New Orleans Pelicans: Darius Miller is a sharpshooter

NEW ORLEANS, LA - NOVEMBER 22: Darius Miller
NEW ORLEANS, LA - NOVEMBER 22: Darius Miller /

Darius Miller has been a surprise fixture off the New Orleans Pelicans’ bench this season. His growth as a role player will be key in helping his team maintain its momentum moving forward.

The New Orleans Pelicans didn’t know what they had with Darius Miller at the start of the preseason. Guys like E’Twaun Moore, Ian Clark, Jordan Crawford and Dante Cunningham were positioned to get more minutes and defined roles before the season started. It seemed like the Pelicans only had Darius Miller on their bench as insurance if one of their key role players went down. Can you honestly blame them for thinking that way from the get-go?

For the past three years he was in the NBA, Darius Miller was simply known as developing prospect. Bouncing around the Pelicans and the D-League before heading to Europe for that many years would have ended any player’s confidence in being able to succeed in the NBA. His stellar play and success in the EuroLeague with the German team Brose Bamberg landed him another opportunity to play for the New Orleans Pelicans this past summer.

More than 20 games in this season, Darius Miller has proven to the team that originally drafted him in the second round in the 2012 NBA Draft that they made the right choice bringing him back to the fold.


So far this season, Darius Miller is averaging 6.9 points and 1.7 rebounds per game. On the surface, those numbers can be looked at as a wash, especially for a guy who has been positioned as a benchwarmer in the past. It’s the three categories that he’s been excelling in so far that have been a surprise for the New Orleans Pelicans.

His 3-point shooting (47.9 percent) is ranked seventh in the NBA. Also hitting 50 percent from the field and 84.6 percent from the free throw line has transformed Darius Miller as the Pelicans’ top shooter.

A lot of that has to do on how Darius Miller has been deployed off the bench. He’s been averaging 17.2 minutes per game and has been primarily been situated as a top-of-the-key 3-point shooter. The majority of his shots comes from above the break 3-point line, where he has made 25-of-55 attempts (45.5 percent). He knows where his sweet spot is and a lot of teams have yet to devise a gameplan to throw him off that area.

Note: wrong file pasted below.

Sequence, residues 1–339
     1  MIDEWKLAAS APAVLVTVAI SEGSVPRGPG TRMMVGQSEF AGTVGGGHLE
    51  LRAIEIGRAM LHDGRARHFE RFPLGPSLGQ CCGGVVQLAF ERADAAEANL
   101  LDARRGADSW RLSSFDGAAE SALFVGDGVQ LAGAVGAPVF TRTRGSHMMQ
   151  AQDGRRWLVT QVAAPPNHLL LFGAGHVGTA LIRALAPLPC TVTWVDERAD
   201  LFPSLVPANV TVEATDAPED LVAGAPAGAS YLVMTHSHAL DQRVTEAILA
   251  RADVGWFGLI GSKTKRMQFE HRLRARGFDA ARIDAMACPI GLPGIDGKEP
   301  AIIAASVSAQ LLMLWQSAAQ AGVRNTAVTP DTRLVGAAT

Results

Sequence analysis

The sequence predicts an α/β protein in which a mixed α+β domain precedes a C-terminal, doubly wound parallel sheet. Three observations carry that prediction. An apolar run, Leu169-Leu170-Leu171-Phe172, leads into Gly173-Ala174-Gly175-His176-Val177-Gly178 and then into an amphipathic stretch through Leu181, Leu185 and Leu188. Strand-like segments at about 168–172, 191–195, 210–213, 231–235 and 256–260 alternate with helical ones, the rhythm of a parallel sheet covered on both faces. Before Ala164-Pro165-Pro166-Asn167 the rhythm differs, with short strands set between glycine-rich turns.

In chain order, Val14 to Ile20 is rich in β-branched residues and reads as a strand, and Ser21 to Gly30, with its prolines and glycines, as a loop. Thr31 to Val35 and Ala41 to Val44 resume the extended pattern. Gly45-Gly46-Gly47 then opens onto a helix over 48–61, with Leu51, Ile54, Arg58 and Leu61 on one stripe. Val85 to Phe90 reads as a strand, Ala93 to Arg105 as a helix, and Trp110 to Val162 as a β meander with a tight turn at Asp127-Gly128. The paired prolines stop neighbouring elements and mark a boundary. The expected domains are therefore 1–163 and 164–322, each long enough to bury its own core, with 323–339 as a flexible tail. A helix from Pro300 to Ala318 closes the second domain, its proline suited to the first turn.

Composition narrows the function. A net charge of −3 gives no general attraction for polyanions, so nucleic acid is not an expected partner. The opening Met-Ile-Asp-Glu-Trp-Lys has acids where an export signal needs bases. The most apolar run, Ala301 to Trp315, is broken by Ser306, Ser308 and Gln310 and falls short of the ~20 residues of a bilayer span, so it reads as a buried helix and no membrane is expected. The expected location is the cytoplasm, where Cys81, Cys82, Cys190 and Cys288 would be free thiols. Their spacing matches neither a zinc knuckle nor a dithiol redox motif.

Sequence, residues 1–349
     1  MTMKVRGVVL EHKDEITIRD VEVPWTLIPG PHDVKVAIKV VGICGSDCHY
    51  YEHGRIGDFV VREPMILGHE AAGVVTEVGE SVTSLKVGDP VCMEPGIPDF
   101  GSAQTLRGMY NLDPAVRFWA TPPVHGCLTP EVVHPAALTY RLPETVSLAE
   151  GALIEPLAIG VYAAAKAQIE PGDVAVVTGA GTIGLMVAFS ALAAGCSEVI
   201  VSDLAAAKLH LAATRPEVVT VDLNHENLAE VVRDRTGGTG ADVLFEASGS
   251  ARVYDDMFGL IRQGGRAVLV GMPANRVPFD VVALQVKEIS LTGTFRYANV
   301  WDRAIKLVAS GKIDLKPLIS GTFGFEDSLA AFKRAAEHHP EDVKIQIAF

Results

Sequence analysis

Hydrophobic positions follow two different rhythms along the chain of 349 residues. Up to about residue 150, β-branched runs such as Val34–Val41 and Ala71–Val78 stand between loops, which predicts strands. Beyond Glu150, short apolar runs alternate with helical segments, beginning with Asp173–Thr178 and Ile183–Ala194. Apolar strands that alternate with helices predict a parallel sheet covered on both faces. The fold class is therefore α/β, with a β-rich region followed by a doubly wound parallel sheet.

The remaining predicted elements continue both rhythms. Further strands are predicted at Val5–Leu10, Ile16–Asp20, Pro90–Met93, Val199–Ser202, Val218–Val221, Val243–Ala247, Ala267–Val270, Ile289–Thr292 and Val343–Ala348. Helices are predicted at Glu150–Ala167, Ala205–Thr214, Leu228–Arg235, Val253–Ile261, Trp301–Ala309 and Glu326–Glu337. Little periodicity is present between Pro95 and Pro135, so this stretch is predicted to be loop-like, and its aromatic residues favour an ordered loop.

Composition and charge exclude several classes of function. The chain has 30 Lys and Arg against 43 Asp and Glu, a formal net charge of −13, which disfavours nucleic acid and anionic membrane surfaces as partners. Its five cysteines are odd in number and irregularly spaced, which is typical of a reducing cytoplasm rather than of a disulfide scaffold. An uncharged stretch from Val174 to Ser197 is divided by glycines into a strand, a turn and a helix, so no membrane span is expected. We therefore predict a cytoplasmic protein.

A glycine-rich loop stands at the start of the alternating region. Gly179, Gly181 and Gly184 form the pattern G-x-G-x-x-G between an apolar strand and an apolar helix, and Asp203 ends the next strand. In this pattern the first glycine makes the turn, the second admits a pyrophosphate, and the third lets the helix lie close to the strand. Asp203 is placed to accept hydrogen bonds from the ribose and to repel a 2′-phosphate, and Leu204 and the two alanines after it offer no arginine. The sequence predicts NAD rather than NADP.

When preparing to go against the New Orleans Pelicans, teams tend to focus on the obvious: Anthony Davis, DeMarcus Cousins and Jrue Holiday. Most of those three tend to do their damage in the paint and the Pelicans aren’t known to be a 3-point shooting team, being being ranked 26th in the league at 34.1 percent. Their 3-point shooting seem to hit its stride once the bench takes the court and players like Jameer Nelson and Darius Miller make the most of their opportunities.

Jameer Nelson has actually assisted more on Darius Miller’s shot attempts (13 assists) than DeMarcus Cousins and Anthony Davis have combined together. A lot of it has to do with how Nelson runs the offense with the bench players on the floor. The ball swings all across the court and normally the bench averages more assists than the starting unit in some games.


The starters seem to look for their own shot rather than get other teammates involved in the offense, which has produced a mixed bag of wins and losses. Guys like Darius Miller — when they do get involved in the game — add a different angle to the team’s philosophy of giving their star players control of the offense.

Look at his performance against the Atlanta Hawks on Nov. 13. He scored 21 points on 8-of-11 shooting from the field and went 5-for-8 from the 3-point line. Darius Miller was scorching hot in the second half of that game and made timely shots to help the Pelicans squeak out a win against the Hawks.

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The key to his performance was that Miller was put in the right spots on the floor to make his shots and wasn’t forcing anything. That game is a blueprint of how he should be used, especially since he has been a fixture in their bench rotation.